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bluesofa

How pansaa dates are calculated

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 I wonder if it's possible to find out how the pansaa dates are calculated, specifically kaopansaa and ogpansaa?

I'm guessing it's based on a lunar calendar, as it changes slightly per year?

Sorry about my awful romanised spelling of it, I wasn't sure if there's a standard spelling for them.

 

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Khao Phansaa takes place in the middle of the 8th lunar month (that is, the day of the full moon, which is always the middle of a lunar month)...well, technically, the day of the full moon is Asanha Bucha, and the first day of the waning moon is the first day of Khao Phansaa.   Ok Phansaa takes place in the middle (on the full moon day) of the 11th lunar month.  The day following Ok Phansaa is Kathin.

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Thanks for taking the time to reply.

I have had a look at lunar calendar to Gregorian calendar converters, but it doesn't seem too easy to follow.

In the words of someone quite witty: I am none the wiser, but I am better informed.

Think I'll stick to looking it up every time. Thanks again.

 

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If I may jump in with an obvious related question: What are the lunar months measured from ? e.g "the 8th lunar month" measured from what starting day ?

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3 hours ago, allane said:

If I may jump in with an obvious related question: What are the lunar months measured from ? e.g "the 8th lunar month" measured from what starting day ?

The first lunar month or "deuan ai" usually starts sometime in December; it begins on the first day of the waxing moon following the 12th full moon of the previous year (lunar months always begin on the first day of the waxing moon).  However, as I'm sure you know, this is not considered the "new year"--that falls during the fifth lunar month, which coincides with April on the solar calendar.  You can read probably more than you'd ever want to know about it all here:

 

https://en.wikipedia.org/wiki/Thai_lunar_calendar

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Much appreciated. In 22 yrs. here, I have never met anyone, Thai or foreign, who was able to answer that for me. I had never thought of Wiki.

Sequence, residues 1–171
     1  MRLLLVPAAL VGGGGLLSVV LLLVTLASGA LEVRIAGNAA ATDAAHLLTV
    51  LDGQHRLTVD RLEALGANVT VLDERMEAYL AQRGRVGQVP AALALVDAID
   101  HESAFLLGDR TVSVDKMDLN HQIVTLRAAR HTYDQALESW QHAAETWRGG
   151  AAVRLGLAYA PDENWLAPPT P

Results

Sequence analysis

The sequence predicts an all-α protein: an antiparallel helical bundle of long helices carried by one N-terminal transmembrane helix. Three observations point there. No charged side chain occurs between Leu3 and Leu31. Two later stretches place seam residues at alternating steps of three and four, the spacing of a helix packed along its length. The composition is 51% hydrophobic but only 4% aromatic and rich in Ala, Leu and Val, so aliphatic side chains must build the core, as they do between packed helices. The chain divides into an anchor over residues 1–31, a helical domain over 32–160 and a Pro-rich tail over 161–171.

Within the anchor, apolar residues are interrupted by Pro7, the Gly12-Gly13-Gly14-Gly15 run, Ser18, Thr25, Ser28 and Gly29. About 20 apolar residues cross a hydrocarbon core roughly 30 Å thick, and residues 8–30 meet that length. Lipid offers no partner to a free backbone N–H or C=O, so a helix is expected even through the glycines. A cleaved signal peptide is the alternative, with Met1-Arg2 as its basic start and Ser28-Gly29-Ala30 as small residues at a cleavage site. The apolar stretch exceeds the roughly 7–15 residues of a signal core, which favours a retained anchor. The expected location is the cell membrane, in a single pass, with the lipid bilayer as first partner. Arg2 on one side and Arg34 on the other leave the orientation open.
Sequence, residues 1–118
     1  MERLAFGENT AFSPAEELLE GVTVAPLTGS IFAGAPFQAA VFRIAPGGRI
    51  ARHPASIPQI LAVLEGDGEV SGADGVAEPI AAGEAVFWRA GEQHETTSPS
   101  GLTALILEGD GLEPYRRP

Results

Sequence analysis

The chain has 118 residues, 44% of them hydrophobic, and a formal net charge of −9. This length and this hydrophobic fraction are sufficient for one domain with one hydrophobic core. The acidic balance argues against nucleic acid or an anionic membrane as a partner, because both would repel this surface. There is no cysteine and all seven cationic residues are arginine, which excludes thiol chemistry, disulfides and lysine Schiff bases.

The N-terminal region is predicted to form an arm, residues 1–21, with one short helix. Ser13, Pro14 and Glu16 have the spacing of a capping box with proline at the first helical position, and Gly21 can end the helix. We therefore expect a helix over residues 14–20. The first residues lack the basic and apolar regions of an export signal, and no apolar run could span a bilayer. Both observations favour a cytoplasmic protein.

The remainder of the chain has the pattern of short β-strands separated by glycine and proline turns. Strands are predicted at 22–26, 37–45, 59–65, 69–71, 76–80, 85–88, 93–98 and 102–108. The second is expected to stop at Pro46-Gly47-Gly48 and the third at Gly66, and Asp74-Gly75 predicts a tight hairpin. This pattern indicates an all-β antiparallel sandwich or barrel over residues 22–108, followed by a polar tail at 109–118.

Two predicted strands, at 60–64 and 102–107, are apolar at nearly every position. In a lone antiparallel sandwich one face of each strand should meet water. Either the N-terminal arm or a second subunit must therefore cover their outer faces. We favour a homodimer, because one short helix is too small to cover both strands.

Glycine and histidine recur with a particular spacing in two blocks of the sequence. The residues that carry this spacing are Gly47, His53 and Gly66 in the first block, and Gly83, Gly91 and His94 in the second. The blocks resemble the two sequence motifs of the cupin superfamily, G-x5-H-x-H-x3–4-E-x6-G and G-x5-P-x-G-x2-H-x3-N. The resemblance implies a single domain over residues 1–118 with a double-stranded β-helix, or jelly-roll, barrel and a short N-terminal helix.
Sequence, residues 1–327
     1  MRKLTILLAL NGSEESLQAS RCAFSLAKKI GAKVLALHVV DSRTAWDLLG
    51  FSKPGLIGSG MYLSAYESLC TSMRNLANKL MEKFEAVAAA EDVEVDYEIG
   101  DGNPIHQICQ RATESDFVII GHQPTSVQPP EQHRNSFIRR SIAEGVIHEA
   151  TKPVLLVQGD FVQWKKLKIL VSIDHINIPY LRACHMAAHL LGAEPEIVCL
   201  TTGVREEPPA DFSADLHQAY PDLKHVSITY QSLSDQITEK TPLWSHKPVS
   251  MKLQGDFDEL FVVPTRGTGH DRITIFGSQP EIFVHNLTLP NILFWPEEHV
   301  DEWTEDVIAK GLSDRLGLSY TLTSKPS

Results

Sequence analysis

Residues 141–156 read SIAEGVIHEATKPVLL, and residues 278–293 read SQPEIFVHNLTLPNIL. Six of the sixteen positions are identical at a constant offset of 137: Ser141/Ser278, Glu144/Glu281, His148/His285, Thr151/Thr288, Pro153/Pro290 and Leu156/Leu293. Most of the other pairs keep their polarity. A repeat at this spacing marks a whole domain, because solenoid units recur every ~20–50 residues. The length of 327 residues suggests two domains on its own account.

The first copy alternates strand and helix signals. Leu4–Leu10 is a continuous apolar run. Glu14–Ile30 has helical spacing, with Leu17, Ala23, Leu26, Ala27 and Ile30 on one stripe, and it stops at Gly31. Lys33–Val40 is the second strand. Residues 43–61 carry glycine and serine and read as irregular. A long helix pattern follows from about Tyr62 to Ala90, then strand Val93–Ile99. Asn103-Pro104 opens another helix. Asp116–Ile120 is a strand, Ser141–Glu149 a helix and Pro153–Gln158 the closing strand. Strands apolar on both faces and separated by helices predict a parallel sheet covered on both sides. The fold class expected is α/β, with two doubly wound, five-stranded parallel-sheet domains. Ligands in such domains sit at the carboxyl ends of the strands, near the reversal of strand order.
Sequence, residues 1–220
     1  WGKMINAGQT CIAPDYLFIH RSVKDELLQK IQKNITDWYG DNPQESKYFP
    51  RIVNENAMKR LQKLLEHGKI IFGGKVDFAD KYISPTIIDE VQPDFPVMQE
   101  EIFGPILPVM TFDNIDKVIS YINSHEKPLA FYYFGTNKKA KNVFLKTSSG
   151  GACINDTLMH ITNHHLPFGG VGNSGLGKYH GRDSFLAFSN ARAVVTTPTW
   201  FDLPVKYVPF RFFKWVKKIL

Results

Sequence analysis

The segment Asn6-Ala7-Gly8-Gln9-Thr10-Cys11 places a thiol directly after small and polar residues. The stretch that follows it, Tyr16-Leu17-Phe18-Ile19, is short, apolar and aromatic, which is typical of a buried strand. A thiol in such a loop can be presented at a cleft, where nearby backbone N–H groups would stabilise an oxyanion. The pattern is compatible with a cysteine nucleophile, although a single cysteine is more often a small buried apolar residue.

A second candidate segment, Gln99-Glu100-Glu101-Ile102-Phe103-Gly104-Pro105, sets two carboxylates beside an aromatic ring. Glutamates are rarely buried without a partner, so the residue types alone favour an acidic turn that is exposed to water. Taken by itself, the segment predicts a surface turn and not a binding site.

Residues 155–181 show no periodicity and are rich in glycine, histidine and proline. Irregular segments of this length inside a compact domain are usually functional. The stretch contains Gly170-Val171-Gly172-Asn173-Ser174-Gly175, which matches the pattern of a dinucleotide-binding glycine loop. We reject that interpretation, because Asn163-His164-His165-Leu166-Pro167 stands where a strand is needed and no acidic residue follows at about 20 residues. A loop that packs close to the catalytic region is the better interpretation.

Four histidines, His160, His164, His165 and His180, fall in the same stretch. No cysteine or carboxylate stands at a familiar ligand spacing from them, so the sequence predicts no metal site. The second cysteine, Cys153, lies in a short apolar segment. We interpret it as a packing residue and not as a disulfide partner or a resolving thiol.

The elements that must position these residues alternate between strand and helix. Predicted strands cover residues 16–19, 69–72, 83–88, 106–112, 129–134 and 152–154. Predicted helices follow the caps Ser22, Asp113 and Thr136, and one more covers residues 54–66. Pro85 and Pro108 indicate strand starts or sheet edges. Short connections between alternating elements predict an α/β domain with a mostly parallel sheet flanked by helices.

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22 minutes ago, allane said:

Much appreciated. In 22 yrs. here, I have never met anyone, Thai or foreign, who was able to answer that for me. I had never thought of Wiki.

I echo your comment,

Since following the link to Wiki, I have spent some time reading the article. It is fascinating reading, but suffering from 'hard of learning' syndrome, it's not exactly easy to follow all the details.

 

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10 minutes ago, bluesofa said:

I echo your comment,

Since following the link to Wiki, I have spent some time reading the article. It is fascinating reading, but suffering from 'hard of learning' syndrome, it's not exactly easy to follow all the details.

 

Like I said, that article likely contains way more detail than most people want to know!  I think the most interesting (and useful) thing about the lunar calendar is that it explains when the holy days occur each month ("wan phra")--8th and 15th days of the waxing and waning moon--and also when all of the major Buddhist festivals occur.  It's probably even more useful (living in Thailand) to get used to converting Buddhist year dates to/from Christian year dates (add/subtract 543), since if you say something like, "oh, I went there in 1995," most Thais will have no idea what you're talking about, unless they've studied/worked overseas...  :laugh: